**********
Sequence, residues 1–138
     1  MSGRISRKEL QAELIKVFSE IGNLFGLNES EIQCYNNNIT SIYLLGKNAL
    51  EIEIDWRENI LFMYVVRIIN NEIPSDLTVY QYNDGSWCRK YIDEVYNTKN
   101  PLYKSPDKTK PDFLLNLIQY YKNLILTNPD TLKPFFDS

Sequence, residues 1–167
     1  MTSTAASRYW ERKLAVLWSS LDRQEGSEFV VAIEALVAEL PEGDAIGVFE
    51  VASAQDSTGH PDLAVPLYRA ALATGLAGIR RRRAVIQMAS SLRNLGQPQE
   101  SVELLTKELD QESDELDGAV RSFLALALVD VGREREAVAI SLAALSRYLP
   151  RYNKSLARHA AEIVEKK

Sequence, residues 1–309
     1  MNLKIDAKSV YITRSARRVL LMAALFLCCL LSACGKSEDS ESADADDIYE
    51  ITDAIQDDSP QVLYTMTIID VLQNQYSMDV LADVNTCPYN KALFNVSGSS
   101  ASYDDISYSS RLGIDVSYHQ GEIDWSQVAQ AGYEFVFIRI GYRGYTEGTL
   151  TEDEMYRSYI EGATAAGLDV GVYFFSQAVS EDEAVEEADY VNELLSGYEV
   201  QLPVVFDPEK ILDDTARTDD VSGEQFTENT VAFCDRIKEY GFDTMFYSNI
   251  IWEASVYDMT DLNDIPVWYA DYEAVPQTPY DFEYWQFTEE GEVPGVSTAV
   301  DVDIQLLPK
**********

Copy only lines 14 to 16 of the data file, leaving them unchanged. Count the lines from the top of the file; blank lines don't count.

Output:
   151  TEDEMYRSYI EGATAAGLDV GVYFFSQAVS EDEAVEEADY VNELLSGYEV
   201  QLPVVFDPEK ILDDTARTDD VSGEQFTENT VAFCDRIKEY GFDTMFYSNI
   251  IWEASVYDMT DLNDIPVWYA DYEAVPQTPY DFEYWQFTEE GEVPGVSTAV